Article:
Ensure that your RV is connected correctly at the post and to your RV. Also, check the breaker in your RV and on the breaker for the pedestal outside. Now is also a good time to meet your neighbor and ask if they have any electrical issues. During hot summer months, when everyone is running their air conditioners, it’s not uncommon for the campground to have a power outage. It’s easy to lose shore power and not notice it because your 12-volt appliances will still run off the battery. However, you wouldn’t be the first person not to notice.
If you don’t find any issues with the shore power connection, the next two things that you will want to troubleshoot are your thermostat and the air conditioner. Let’s start with the thermostat:
Diagnose a faulty thermostat:
One of the most common reasons that your air conditioner compressor doesn’t turn on is a problem with the thermostat or control board. Thermostats can malfunction due to old wiring, dust buildup, and a loose wire connection. Another common issue is that the thermostat cannot read the ambient room temperature, which prevents it from engaging the compressor. A simple test that you can do to see if you have a thermostat issue or something else is to turn on the heat. Set the thermostat higher than room temperature and see if the heat kicks on. If it doesn’t, you may have a faulty thermostat. If it cannot read the room temperature, it won’t engage the HVAC appliances. You’ll likely need to replace the thermostat.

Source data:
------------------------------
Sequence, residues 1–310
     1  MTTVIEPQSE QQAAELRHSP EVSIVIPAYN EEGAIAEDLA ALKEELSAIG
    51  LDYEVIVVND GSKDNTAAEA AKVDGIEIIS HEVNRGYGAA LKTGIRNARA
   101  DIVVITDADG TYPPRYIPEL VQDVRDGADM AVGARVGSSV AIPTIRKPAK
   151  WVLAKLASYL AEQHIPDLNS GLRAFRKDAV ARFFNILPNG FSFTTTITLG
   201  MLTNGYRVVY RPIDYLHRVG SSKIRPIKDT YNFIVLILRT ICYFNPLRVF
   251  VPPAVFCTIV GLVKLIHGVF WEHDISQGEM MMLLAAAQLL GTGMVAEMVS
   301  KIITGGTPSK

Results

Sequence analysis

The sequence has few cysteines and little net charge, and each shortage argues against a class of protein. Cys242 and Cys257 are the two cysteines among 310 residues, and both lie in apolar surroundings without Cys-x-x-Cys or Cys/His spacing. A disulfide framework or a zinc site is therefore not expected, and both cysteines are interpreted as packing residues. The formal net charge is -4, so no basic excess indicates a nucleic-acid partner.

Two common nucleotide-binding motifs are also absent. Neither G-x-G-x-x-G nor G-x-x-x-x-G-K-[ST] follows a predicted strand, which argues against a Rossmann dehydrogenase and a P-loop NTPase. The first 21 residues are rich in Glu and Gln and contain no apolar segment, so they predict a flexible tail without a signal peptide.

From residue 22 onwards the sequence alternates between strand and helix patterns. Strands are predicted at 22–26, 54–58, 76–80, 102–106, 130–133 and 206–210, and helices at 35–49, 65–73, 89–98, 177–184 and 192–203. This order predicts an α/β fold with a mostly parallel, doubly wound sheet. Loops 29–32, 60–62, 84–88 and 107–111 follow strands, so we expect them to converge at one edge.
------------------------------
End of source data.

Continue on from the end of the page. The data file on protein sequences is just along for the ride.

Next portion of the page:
If you do not see any display readings on the thermostat, it’s not getting power. While less common, some RV thermostats run off a battery. If yours does, simply replacing the battery may solve your problem. If not, it’s time to disconnect the thermostat from the wall and inspect the wiring. Check for loose connections, damaged wires, or dust buildup. If you find any of this, clean or repair the connection and retest. If this doesn’t work, it may be time to replace the thermostat.
Diagnose problems with the Air Conditioning Unit
If the thermostat appears to be working, the next step is to inspect the air conditioner. Several things can malfunction on the air conditioner, and unfortunately, many of the repairs are not a DIY job. For example, if your air conditioner works intermittently and you hear the compressor trying to start, or it starts and stops, you likely have an electrical problem or issue with one of its components.
The air conditioner Is not blowing air
Follow the steps above and ensure that you have power getting to the air conditioner and thermostat. A bad thermostat can cause this problem, but you will need to check the air conditioning unit if it’s functioning correctly.
If your air conditioner is not blowing air, you may have a bad fan blower motor even though you may hear the compressor running. This repair can be a DIY job if you’re handy and experienced working around electrical components. You should also check your fan’s capacitor. A bad capacitor can also cause the fan to stop working.
Does your air conditioner work and then stop soon after?